Japan is a country on many travelers post-lockdown vacation bucket list. There are a variety of fun, interactive ways to recreate some of the country’s ancient wellbeing and mindfulness practices from afar. There are methods and products that highlight how some of Japan’s oldest traditions, from onsens to the art of Kintsugi, will help to inspire travelers to start planning their next restorative journey to Japan.
Beppu Onsen has several hot springs that vary in color and clarity for different ailments in persons. One of Japan’s most iconic wellness attractions, the Onsen (or hot spring), is naturally enriched with vitamins and minerals from subterranean volcanic activity beneath the archipelago. There are a variety of products travelers can buy to enhance their own Japanese-style bath at home; the Japanese brand Kracie has created a variety of bath salts which allows four people to bring the magic of the onsen into their homes. These bath salts mimic the vitamin and mineral composition of some of Japan’s most popular Onsens like Noboribetsu Onsen, Beppu Onsen, and Kusatsu Onsen.
Each packet of salts has a specific purpose, so people can mix and match the salts to create their desired wellness remedy.
Another way to enjoy the Japanese-style bath at home is to introduce the scent of Hinoki or Japanese cypress. This type of wood is used for traditional Japanese bathtubs and bath products in ryokans and local homes, as the scent has a relaxing effect on the body. Adding a few drops of Hinoki essential oil or scented candle can elevate any bath experience. For a moment of mindfulness, the Soto Zen Buddhist Associationalso recommends the practice of zazen meditation, a meditative discipline-specific to the Zen Buddhist tradition. In Japan, only two monasteries practice this form of Buddhism: the Daihonzen Eiheiji in Fukui Prefecture and the Daihonzan Sojiji in Kanagawa Prefecture. The association has a starter video to help anyone get started. Other forms of mindfulness include the practice of Shakyo, or hand-copying Buddhist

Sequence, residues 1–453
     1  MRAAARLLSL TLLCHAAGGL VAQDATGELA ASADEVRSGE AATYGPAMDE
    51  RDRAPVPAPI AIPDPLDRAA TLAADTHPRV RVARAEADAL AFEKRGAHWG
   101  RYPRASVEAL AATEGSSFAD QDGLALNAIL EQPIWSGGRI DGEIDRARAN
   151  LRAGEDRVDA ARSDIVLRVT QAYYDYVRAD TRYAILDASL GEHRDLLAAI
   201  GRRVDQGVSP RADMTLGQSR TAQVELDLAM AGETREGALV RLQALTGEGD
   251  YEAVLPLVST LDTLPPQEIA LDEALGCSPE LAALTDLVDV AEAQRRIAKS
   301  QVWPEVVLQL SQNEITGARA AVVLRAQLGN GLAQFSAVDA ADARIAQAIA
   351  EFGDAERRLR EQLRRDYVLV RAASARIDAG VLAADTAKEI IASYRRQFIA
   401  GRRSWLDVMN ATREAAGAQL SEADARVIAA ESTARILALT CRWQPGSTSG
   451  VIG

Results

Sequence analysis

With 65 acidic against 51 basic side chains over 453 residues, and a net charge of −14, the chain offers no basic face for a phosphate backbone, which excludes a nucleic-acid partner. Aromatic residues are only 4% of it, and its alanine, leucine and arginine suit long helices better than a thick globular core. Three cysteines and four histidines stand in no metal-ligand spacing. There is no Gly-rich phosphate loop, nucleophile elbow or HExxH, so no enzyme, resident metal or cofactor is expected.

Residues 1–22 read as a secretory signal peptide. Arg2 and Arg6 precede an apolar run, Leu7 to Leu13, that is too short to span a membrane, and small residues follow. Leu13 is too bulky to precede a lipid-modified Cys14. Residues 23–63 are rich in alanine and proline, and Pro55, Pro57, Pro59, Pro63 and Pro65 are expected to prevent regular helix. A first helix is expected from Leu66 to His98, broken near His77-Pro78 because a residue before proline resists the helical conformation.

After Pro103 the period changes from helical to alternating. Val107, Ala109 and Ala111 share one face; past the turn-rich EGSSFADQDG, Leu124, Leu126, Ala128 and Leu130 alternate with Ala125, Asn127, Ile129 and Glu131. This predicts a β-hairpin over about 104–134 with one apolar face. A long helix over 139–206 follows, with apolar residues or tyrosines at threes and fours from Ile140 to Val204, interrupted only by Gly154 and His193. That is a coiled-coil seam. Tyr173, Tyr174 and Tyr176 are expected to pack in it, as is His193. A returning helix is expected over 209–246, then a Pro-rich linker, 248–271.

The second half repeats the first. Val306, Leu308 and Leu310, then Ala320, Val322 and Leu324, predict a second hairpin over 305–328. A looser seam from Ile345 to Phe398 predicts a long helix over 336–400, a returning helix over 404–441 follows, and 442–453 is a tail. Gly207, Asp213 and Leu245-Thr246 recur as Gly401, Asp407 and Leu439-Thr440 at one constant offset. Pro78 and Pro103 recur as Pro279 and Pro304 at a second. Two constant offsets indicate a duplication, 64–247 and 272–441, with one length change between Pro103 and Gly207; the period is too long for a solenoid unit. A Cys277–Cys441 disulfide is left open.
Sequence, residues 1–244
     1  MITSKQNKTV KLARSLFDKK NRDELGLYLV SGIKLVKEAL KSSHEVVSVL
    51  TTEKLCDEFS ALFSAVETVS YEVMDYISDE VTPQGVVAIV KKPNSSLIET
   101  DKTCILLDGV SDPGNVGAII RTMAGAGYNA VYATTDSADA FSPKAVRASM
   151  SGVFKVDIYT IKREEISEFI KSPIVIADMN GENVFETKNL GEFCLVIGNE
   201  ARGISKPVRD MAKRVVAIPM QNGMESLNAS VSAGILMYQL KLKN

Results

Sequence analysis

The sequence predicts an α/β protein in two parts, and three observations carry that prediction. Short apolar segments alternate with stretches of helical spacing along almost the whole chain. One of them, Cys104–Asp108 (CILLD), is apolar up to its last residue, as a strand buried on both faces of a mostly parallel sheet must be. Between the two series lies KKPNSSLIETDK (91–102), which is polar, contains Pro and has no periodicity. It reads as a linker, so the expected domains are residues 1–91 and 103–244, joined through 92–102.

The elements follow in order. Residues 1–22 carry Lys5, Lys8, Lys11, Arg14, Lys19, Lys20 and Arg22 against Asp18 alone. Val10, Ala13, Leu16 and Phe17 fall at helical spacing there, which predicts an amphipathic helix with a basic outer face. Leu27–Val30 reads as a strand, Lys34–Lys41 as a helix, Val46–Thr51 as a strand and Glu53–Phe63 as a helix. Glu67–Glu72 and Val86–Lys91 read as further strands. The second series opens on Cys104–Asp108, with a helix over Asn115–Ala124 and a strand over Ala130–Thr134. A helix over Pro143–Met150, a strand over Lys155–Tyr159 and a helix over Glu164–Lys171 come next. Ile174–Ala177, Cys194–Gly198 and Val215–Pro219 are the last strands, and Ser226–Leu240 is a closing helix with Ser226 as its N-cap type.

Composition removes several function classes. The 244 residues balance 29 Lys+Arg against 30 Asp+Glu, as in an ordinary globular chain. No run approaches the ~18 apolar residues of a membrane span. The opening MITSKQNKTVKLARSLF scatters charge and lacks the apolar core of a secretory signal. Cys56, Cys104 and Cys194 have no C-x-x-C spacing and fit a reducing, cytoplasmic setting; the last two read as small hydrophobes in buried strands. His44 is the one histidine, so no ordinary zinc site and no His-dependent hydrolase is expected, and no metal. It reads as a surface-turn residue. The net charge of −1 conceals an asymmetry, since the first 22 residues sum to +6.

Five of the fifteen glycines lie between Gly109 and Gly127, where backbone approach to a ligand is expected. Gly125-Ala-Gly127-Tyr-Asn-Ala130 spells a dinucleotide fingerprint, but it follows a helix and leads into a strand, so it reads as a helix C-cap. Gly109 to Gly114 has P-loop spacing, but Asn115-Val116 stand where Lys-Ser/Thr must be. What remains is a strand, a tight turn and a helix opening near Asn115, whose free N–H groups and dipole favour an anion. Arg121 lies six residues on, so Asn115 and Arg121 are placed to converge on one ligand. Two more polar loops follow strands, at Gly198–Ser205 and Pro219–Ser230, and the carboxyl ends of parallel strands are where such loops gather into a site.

sutras. Shakyo originated before printing and was the primary way of diffusing the teachings of Buddha. Now, the practice is done as a form of prayer, and copying sutras can help someone obtain various blessings. Various kits can be found online. that comes complete with a brush pen, transcription paper, and a sutra. Directly translating to “golden journey,” kintsugi is the meditative Japanese art of repairing broken pottery with a special lacquer dusted in gold, silver or platinum and is tied to the philosophy of wabi-sabi, embracing the flawed or imperfect. The technique was originally invented in the 15th century and can now be practiced at home, using safe and hypoallergenic kits such as this one that has everything needed to successfully repair broken ceramics. Today, most gold used to fix ceramics with the kintsugi technique in Japan can be traced back to Kanazawa
For more inspiration, visit about Japan National Tourism Organization (JNTO). As the official tourism board of Japan, JNTO is involved in a wide range of promotional activities to encourage international travelers to visit Japan. Through a variety of campaigns and initiatives, JNTO is inspiring more American travelers to visit Tokyo, Kyoto, and beyond.
For more information about travel to Japan, visit JNTO on its Website